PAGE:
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Scientists map new mechanism in brain's barrier tissue

Date:
March 8, 2012
Source:
University of Copenhagen
Summary:
Researchers have documented a previously unknown biological mechanism in the brain's most important line of defense: the blood-brain barrier. Scientists now know that the barrier helps maintain a delicate balance of glutamate, a vital signal compound in the brain.

Researchers at the University of Copenhagen have documented a previously unknown biological mechanism in the brain's most important line of defence: the blood-brain barrier. Scientists now know that the barrier helps maintain a delicate balance of glutamate, a vital signal compound in the brain. The research results have just been published in the scientific journal GLIA.

Glutamate is the most important activating transmitter substance in the brain. Vital in small amounts, it is toxic for the brain if the concentration becomes too high. Noise on the brain's signal lines can have fatal consequences and is involved in neurological diseases such as Alzheimer's disease, sclerosis and schizophrenia. Until now scientists believed that the glutamate balance was maintained by an interaction between different types of cells in the brain:

"We now know that the blood-brain barrier also plays a vital role in the process by 'vacuuming' -- so to speak -- the brain fluid for extraneous glutamate, which is then pumped into the blood where it does not have a damaging effect. This is new knowledge that can have enormous impact on future drug development. We have charted a biological mechanism that other scientists eventually can try to influence chemically, for example, in the form of medicine to limit cell death after a stroke. When the brain lacks oxygen, the glutamate level in the brain fluid increases dramatically, which kick starts a toxic chain reaction that kills cells," explains Associate Professor Birger Brodin.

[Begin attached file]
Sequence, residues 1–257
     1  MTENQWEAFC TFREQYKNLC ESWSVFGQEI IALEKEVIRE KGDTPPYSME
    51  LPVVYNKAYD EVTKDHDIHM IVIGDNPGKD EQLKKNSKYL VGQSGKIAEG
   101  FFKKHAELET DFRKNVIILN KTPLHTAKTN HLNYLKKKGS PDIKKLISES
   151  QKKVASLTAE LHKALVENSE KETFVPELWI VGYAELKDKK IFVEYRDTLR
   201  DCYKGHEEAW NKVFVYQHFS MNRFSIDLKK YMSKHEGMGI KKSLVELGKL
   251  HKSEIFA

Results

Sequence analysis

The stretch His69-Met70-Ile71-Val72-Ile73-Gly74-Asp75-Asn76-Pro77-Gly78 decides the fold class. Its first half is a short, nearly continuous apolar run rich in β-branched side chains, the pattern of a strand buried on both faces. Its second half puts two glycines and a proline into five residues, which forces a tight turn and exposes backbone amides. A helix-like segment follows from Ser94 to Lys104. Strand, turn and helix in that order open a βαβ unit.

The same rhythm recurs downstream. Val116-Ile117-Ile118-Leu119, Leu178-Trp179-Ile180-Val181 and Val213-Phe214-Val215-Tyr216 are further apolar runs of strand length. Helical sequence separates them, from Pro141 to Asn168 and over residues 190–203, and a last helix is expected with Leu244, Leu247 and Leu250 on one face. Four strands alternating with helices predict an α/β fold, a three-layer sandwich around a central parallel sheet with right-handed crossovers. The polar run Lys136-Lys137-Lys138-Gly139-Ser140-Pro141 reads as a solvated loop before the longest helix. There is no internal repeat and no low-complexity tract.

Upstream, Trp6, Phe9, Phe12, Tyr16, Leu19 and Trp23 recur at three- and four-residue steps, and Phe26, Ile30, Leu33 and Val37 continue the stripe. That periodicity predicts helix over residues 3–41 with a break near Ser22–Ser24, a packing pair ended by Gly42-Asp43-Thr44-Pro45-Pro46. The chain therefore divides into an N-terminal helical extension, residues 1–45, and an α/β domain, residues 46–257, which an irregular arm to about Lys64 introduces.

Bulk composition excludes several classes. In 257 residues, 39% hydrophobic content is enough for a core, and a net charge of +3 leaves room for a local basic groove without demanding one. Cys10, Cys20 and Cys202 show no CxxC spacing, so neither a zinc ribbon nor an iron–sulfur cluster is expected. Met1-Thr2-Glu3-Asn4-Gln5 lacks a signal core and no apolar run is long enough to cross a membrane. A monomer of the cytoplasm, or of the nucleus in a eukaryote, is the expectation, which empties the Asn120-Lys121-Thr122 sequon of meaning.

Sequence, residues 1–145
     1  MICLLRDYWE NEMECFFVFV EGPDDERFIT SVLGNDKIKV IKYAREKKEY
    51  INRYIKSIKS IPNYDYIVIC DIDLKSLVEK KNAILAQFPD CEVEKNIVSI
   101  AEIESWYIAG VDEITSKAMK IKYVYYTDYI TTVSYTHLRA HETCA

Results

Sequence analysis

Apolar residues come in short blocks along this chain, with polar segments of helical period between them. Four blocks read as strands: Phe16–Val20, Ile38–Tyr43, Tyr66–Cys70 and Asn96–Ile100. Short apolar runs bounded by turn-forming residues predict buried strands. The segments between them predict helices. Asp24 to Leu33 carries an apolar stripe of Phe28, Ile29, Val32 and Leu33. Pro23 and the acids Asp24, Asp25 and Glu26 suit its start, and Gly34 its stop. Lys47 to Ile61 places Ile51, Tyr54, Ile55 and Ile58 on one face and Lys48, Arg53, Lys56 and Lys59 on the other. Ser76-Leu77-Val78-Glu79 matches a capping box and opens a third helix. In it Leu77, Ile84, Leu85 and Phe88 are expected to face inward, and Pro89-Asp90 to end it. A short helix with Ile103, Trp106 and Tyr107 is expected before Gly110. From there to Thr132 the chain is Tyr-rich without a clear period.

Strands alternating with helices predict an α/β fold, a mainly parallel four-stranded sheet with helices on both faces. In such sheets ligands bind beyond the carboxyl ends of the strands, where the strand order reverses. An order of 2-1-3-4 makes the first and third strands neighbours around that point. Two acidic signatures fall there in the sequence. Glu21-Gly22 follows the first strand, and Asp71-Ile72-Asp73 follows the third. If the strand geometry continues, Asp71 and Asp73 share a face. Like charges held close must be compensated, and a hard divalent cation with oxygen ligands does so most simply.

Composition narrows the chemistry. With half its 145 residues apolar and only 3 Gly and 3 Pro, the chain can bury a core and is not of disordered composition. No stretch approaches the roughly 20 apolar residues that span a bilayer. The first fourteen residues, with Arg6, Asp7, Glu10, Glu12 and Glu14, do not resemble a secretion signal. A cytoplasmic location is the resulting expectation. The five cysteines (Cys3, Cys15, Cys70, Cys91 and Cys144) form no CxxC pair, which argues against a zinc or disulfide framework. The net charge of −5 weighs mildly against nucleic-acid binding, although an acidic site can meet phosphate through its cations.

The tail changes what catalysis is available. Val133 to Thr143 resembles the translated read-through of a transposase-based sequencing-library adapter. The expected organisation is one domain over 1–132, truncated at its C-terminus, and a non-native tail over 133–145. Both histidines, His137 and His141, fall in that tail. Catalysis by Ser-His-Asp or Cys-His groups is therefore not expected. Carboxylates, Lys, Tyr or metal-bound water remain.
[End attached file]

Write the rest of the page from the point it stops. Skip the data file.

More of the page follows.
The research results have just been published in the scientific journal GLIA.

Laboratory model shows unknown aspects of the brain

A couple of years ago, researchers at the Faculty of Health and Medical Sciences modelled an artificial blood-brain barrier in the laboratory using brain cells from rats and calves. Ninety-five percent of all drugs tested for treating diseases originating in the central nervous system fail because they cannot pass through the blood-brain barrier, which is why it is so important to have a tool that can be used to negotiate the difficult path across the brain's effective border crossing.

However, the model is not just a potential screening tool. It can also inform scientists about the properties of the mysterious barrier and lead to new knowledge about the healthy brain and disease:

"Others have been on the trail of the hypothesis that the blood-brain barrier helps maintain the delicate glutamate balance in the brain. However, because of the model we created in the laboratory, we have been able to test the hypothesis successfully in a biological experiment for the first time ever," explains PhD Student Hans Christian Helms, who is the main driver behind the development of the blood-brain barrier created in the laboratory.

Research is understood backwards

Scientists discovered the new mechanism in the blood-brain barrier as they were trying to investigate how amino acids get into the brain:

"Many significant discoveries happen by accident to some extent. We start by having a theory that we want to investigate. We test the theory in the laboratory and sometimes we get unexpected results. It is often the unexpected results that lead us onto new paths and to scientific breakthrough," concludes Birger Brodin.


Story Source:

The above story is based on materials provided by University of Copenhagen. Note: Materials may be edited for content and length.


Journal Reference:

  1. Hans Christian Helms, Rasmus Madelung, Helle Sψnderby Waagepetersen, Carsten Uhd Nielsen, Birger Brodin. In vitro evidence for the brain glutamate efflux hypothesis: Brain endothelial cells cocultured with astrocytes display a polarized brain-to-blood transport of glutamate. Glia, 2012; DOI: 10.1002/glia.22321

Cite This Page:

University of Copenhagen. "Scientists map new mechanism in brain's barrier tissue." ScienceDaily. ScienceDaily, 8 March 2012. <www.sciencedaily.com/releases/2012/03/120308071052.htm>.
University of Copenhagen. (2012, March 8). Scientists map new mechanism in brain's barrier tissue. ScienceDaily. Retrieved September 20, 2014 from www.sciencedaily.com/releases/2012/03/120308071052.htm
University of Copenhagen. "Scientists map new mechanism in brain's barrier tissue." ScienceDaily. www.sciencedaily.com/releases/2012/03/120308071052.htm (accessed September 20, 2014).

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